Welcome to this month’s By Invitation Only conversation. Today our group of international bloggers, under the leadership of Marsha Harris (when you click hereshe will direct you to the others) will be discussing: The Five Things That Drive Us Crazy.
“Drive Me Crazy” as it turns out, is rather constraining for me. I thought many, many things put me into this state, but upon serious examination, fewer than five make me nuts.
Like all of us I would imagine, I hate the big things: bigotry, cruelty, bullying, insensitivity. . . and wish people were just generally kinder with one another. I’ve never understood how kindness doesn’t come naturally in human nature. If kindness fails in some situations, substitute good manners. At least that shows respect even if it is formalized.
Most situations, on a day-to-day basis that give me pause are merely annoying, boring or not worth raising my blood pressure to react.
However, I am not the cool, relaxed, water off of a duck’s back sort of creature I would like to be. A few things do drive me crazy, for example:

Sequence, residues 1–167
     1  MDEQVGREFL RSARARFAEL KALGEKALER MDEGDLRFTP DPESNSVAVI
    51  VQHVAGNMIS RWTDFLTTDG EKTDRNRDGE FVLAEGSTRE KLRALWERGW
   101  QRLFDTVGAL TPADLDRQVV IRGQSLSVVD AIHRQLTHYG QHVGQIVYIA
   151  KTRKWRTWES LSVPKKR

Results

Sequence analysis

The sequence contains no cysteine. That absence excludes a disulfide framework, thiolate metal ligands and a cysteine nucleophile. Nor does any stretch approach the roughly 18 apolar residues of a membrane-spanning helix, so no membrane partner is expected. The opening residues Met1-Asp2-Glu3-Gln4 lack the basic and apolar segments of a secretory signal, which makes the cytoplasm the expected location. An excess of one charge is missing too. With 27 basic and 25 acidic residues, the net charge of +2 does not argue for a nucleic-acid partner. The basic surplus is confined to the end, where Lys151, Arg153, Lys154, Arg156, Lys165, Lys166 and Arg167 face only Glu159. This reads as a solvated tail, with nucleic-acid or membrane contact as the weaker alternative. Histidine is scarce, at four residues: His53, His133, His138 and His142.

1.) People who make assumptions about what I’m thinking or feeling. A former friend was always telling me how and why I felt a certain way or what I really wanted to say. Did she ask me? No she did not. When I explained that she was dead wrong, she argued with me and told me she knew what was on my mind and that I simply wouldn’t admit it.
You can see why we are no longer friends. (Actually there is a lot more to that saga, but we don’t have the time.)
2.) Like me, like my dog. I can’t quite wrap my head around people who do not like dogs. Now, don’t misunderstand me (as I was saying above) I can comprehend why someone cannot or does not own one, or may be afraid of them for some reason, but to not like dogs is, for me, impossible.
Now, I’ve probably made some of you crazy. You may think I’m overreacting. Maybe I am. But really, I can’t be good friends with someone who doesn’t like dogs. That’s just the way it is.
3.) People who do not listen. You know they’re thinking about what they plan to say next, and may even interrupt to get it in quickly, before you’ve finished what you’re saying.
Imagine, if we listened carefully we could learn something, maybe we could be changed in some way. At the very least it shows we have good manners.
4.) The deterioration of spoken English. It’s very, very sad I think. I’m not talking about the evolution of language, but rather the slow chipping away at its beauty and meaning.